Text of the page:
March Comes In like a Lion S2 Final Episodes Review (13-22)

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I said I would finish this, and so I will damnit! Though the time it took for me to complete it might leave you to believe otherwise, March Comes in Like a Lion is a show that I thoroughly enjoyed. While I didn’t feel compelled enough to keep up its weekly simulcast, part of me believes that was kind of by design. March Comes in… is a genuine Slice of Life anime, and so the show very rarely uses dramatic cliffhangers to grab at my continued attention. Instead what I was met with were moments of captivatingly real and subtle drama, unfolding over long periods rather in several big, but ultimately short, bursts. Some things don’t even get properly resolved, and oddly enough, it doesn’t seem to bother me. Sure, I’d love to know what’s happening with Kyouko at some point, but in the end, she’s not really what this story is about. So instead of lamenting over her lack of screen time, I’d like to go over what does happen in the final chapters of this season. Continue reading

Yorimoi’s Perfect First Episode

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Otherwise know as A Place Further Than the Universe, Yorimoi is an astounding directorial feat from beginning to end. Starting with the very first episode, Studio Madhouse—helmed by my favorite director of all time, Atsuko Ishizuka—hits the audience hard with impeccable writing, animation, and visual design, all finely crafted around a single theme. It all begins with a few lines speaking of stagnation, using imagery of a pool of water held up in a children’s sand pit. As Kimari talks about her will to break away and spring into action, her childhood depiction of herself breaks the wall of sand and causes the sitting water to burst out the side. Continue reading

I finished Re:Zero. Subaru is still awful

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After many people telling me to continue watching Re:Zero because it “gets better in the second half”, I decided “fuck that” and dropped the series. My main, if not only issue with the anime was that its protagonist, Natsuki Subaru, was too much of a loud-mouth, brain-dead, unbearable loser. Two years later, and not much seems to have changed…except that I ended up finishing the series for reasons even I don’t quite understand. Continue reading

Violet Evergarden: The Art of Emotional Reaction

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Art is an almost indefinable concept, as it is one of the broadest categorizations known to man. Art traverses genre, medium, and our very own human senses, which makes it very difficult to find common threads between its many forms. What defines “great art”, however, is subjective yet universal. “Great art” makes us feel something valuable that resonates with our temperament and feels deeply meaningful—even if we are unable to rearticulate the meaning ourselves. Continue reading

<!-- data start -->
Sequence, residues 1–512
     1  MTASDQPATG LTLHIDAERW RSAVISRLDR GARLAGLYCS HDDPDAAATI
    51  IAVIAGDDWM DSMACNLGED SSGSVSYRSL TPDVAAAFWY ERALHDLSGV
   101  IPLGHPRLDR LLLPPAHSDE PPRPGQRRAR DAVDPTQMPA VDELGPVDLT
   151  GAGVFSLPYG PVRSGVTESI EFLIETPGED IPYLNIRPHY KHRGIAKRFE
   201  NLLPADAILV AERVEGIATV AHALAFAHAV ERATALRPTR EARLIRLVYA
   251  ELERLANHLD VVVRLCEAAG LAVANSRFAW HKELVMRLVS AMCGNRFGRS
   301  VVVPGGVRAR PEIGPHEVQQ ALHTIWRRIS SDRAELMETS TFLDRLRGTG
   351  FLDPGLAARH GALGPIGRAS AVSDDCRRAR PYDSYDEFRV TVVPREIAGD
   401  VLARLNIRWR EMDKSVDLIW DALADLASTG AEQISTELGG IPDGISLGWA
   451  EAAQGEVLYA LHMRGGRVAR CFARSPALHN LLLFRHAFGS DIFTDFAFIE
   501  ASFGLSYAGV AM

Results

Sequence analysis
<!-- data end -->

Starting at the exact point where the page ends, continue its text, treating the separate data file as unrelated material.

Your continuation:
Layers of Fun in Night is Short, Walk on Girl

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Theatrical releases of anime movies here in the states are always an exciting time for me. These days, I never miss an anime film’s American debut—so long as they meet my two requirements: 1) Must be coming to a theater near me and 2) MUST be subbed. Whether the movie itself was a flop or not, I tend to always have a good time seeing them the way they are meant to be experienced. Sure, I could do without being surrounded by strangers in a large, dimly lit room, but there’s just nothing that beats a giant screen and cinema quality sound. Decent headphones and an HD computer monitor can’t really compare to the true theater experience, even though they do allow me to take screenshots for my blog. Viewing preferences aside though, your set up can only be as good as the awesome things you have to show on it. Luckily Night is Short, Walk on Girl has plenty of awesomeness to go around. Continue reading

Thoughts on Maquia

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Maquia: When the Promised Flowers Bloom finally made its way to a theater near me, so like any other anime film that comes my way, I had to go out and see it. What was really nice about this experience was that, unlike typical American movie releases, I went in knowing virtually nothing about what I was going to watch—which I believe is the best way to experience any film. Japanese trailers just seem to spoil much less, though even if they didn’t, they’re still much easier to avoid than, say, the latest Marvel movie. And so, with no conscious expectations in mind, I eagerly awaited whatever it was Mari Okada had in store for me. For the most part, I was incredibly pleased. Continue reading